The participating countries, as condition prior to its participation in the Network, committed to having a center that would act as coordinator of the national network, which in turn would be made up of sentinel institutions. In the majority of the countries the coordinating institution is the National Reference Center specialized in the topic of the network. Its functions are: 1. Organize and coordinate the program for the monitoring of the antimicrobial susceptibility of the pathogens of importance in public health; 2. Serve as referral and cross-referral institution, which it consists of confirming the diagnoses, conducting complementary studies, and clarifying every doubt that it arises from the activities that the national participants of the network carry out; 3. Organize and carry out the Management of Quality (internal quality control, audit and external evaluation of the performance) in order to guarantee the quality of the diagnoses and the determination of the susceptibility to the antimicrobial drugs. This includes the dictation of standards for quality assurance, the supervision in order to ensure that these standards are met, the distribution of strains for quality control of the antibiogram and the execution of programs of performance evaluation for the institutions participating in the network; 4. Standardize the techniques of diagnosis, serotyping, and antimicrobial susceptibility; 5. Train technical personnel and professionals of the institutions participating in the network; 6. Organize and maintain a strain bank; 7. Consolidate periodically the information provided by the sentinel institutions, analyze it, and disseminate it.

Lessons learned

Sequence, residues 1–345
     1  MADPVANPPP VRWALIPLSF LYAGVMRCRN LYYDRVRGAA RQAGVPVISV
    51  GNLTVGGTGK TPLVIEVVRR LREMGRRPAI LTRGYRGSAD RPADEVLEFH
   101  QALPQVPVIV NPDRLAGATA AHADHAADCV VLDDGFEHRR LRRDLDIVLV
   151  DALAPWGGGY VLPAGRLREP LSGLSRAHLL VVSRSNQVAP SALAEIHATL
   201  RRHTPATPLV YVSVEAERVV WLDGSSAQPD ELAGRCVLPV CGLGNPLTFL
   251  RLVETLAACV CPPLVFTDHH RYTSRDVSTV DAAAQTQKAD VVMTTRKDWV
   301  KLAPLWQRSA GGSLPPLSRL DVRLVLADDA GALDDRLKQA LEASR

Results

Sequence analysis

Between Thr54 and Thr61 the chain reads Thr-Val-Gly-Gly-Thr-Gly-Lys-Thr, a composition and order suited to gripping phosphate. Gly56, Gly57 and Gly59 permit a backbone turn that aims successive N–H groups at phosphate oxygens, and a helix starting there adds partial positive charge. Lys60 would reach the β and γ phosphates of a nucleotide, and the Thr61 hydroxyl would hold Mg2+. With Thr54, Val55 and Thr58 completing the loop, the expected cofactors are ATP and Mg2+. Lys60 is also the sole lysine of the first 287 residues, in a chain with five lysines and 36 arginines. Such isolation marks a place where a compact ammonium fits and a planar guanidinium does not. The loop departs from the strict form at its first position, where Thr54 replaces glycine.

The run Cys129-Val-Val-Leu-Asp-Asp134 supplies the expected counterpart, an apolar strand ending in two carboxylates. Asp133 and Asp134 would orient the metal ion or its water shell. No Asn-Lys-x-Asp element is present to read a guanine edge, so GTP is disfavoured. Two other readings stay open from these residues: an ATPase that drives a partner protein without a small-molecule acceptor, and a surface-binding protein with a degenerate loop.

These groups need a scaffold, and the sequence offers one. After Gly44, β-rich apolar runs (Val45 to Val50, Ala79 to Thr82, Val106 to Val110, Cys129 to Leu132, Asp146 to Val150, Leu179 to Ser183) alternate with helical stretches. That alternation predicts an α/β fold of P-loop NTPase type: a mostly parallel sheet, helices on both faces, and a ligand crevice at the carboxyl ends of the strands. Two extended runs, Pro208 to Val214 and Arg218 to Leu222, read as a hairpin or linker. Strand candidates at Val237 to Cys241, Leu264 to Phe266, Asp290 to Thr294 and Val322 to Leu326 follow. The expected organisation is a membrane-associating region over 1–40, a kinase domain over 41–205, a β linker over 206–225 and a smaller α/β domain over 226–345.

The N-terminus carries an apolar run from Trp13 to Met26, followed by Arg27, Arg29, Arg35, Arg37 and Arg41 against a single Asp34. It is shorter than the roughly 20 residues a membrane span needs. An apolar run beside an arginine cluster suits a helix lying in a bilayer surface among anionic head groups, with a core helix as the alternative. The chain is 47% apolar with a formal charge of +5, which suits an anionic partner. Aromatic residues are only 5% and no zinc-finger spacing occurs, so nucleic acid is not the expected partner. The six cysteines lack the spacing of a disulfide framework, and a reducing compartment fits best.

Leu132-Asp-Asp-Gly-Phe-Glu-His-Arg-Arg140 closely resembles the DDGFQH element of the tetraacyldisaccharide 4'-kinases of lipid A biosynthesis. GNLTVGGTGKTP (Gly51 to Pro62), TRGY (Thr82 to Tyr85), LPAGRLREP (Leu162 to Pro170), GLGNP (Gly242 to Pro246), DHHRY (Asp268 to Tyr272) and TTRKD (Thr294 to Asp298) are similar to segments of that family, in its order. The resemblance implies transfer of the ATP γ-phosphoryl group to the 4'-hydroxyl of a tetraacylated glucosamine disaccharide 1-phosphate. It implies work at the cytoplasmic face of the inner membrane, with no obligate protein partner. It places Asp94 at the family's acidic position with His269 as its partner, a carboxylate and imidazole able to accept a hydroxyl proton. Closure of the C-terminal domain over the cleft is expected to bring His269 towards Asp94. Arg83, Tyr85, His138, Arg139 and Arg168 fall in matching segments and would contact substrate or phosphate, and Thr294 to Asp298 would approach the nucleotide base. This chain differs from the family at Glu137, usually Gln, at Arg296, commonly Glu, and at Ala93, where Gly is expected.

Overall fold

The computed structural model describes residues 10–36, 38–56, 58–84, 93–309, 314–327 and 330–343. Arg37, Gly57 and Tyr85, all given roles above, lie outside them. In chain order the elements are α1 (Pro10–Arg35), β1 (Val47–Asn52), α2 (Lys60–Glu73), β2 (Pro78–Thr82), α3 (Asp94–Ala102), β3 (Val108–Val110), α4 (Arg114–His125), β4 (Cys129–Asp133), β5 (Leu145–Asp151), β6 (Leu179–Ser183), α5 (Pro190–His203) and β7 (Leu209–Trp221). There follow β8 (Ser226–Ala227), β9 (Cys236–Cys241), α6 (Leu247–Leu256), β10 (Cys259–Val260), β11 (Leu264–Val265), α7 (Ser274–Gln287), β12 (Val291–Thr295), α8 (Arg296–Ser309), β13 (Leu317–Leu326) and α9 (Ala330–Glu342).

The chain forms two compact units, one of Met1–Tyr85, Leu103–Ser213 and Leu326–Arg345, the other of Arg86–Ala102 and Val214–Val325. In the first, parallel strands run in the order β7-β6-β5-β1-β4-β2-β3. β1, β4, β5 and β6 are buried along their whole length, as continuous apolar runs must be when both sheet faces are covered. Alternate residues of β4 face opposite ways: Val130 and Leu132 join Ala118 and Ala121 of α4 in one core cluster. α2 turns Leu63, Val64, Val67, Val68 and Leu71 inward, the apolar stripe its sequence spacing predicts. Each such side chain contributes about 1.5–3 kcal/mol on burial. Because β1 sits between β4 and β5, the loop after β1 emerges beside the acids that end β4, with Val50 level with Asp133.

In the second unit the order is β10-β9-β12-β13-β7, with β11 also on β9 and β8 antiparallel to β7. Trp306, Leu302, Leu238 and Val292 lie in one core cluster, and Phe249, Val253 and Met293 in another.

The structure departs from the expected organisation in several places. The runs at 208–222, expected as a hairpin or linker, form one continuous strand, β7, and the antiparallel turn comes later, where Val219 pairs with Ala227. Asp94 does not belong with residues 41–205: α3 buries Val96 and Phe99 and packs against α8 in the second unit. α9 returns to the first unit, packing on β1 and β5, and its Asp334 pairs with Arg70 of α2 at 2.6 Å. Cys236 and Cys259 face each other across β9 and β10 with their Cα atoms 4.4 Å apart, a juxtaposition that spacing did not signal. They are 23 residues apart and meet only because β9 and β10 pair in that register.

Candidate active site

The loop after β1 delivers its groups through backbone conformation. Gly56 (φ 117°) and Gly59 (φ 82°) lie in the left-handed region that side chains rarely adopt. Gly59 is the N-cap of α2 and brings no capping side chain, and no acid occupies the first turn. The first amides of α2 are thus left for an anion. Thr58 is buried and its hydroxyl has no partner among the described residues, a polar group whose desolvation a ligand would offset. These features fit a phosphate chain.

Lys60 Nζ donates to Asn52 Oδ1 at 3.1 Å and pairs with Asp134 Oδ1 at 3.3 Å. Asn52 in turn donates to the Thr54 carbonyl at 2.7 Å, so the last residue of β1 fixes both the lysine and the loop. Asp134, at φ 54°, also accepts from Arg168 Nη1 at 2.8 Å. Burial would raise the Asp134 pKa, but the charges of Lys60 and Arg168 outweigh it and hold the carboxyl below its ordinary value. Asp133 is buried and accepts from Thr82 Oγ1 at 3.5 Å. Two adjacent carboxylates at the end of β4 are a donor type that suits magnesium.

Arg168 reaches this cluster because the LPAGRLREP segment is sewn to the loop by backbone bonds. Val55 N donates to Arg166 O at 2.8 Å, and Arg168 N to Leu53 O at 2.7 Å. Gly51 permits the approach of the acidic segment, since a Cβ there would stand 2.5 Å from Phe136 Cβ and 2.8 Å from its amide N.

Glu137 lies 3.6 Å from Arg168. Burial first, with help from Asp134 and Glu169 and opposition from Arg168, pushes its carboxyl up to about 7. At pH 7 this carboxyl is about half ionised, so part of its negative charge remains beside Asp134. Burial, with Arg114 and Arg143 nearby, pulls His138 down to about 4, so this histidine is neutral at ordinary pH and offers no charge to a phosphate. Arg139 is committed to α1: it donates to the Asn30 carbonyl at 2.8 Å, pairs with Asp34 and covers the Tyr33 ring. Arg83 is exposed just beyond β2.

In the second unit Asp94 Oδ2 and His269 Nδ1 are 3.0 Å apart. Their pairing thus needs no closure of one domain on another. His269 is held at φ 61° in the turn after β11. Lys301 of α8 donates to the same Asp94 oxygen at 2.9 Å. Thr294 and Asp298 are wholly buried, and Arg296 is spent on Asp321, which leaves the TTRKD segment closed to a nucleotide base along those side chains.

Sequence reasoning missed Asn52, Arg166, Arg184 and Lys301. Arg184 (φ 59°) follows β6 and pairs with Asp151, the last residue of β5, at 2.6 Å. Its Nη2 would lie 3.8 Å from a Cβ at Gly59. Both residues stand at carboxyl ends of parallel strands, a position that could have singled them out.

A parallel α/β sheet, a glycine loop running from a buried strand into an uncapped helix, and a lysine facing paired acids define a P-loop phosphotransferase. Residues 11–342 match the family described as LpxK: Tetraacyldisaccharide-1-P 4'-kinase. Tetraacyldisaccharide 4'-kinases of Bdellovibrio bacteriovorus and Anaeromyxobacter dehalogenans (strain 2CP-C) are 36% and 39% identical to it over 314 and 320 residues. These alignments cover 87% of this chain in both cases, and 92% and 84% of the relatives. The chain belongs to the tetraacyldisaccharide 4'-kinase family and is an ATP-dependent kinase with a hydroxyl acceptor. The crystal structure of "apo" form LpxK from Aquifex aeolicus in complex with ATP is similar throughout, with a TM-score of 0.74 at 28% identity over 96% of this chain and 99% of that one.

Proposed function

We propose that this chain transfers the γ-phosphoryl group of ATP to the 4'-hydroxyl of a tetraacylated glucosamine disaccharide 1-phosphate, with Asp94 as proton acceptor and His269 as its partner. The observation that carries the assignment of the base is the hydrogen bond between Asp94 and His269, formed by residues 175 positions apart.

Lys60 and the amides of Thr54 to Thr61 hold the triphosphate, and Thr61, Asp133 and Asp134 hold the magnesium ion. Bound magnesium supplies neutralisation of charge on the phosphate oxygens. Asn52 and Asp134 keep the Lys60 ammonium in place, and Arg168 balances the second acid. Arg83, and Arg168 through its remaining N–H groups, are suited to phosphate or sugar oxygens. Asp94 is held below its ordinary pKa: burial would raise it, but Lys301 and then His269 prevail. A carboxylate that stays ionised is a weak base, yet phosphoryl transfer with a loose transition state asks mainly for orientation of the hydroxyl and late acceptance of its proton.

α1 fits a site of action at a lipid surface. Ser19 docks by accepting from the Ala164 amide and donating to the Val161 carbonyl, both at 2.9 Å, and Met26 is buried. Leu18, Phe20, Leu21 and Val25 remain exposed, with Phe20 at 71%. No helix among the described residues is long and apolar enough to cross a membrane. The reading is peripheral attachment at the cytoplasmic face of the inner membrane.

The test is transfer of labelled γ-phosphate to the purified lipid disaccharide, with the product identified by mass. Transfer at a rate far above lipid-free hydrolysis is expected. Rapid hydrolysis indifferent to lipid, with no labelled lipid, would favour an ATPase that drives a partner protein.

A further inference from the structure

- The Network of Monitoring and Surveillance has increased its ability to detect, monitor, and arrange for the antibiotic resistance during the period 2000–2008. Such greatest capacity is sustained by the growing number of the countries participating in the Network and the increase in the number of isolations. As an example, in 2000, 72,000 strains were analyzed, and in 2004, more than double, 158,693. The information from the countries can indicate how the resistances vary geographically and over time. The constant monitoring of the prevalence of resistances through this Network is an excellent tool to guide the resources efficiently. - The steady increase of the number of strains studied is especially at the expense of the increase in the number of strains of hospital origin, surely by the greatest activity and surveillance of hospital infection. - From the geographical perspective, the subregion that more `specimens` contributes to the Network is the Southern Cone, followed by the Andean Area, and finally Central America and Mexico. This degree of participation could be the result of the greatest degree of development of the laboratory networks in the Southern Cone. - With regard to the participation of the countries, these contribute to the Network a very high or very low number of samples (the medium per country are 619 samples per year; percentile 25 is in 62, and the median in 184), that they can turn out non-representative of the its countries. - The participation of the large federal countries as Mexico and Brazil is limited; a strong political commitment is condition necessary for guaranteeing the increase in its participation, so that they can offer data that are representative of the national situation. - The network follows rigorous quality control that guarantees the laboratory results. However, it is necessary maintaining the support for the `continuous quality improvement` of the laboratories, accompanied by corresponding financing. - It is necessary to standardize antibiotics facing those which the countries study the resistances of a given microorganism, and, in addition, these antibiotic have to be in accordance with the recommended by the guides of clinical practice. Otherwise, there will exist a gap among the prescribers of antibiotics and results of the monitoring to the antimicrobial resistances. - Research on the ratios by which the some countries have rates of such low resistances, while others have them very high, will offer a very necessary orientation for determining the causes of the resistances, and possible interventions for preventing the development of the same.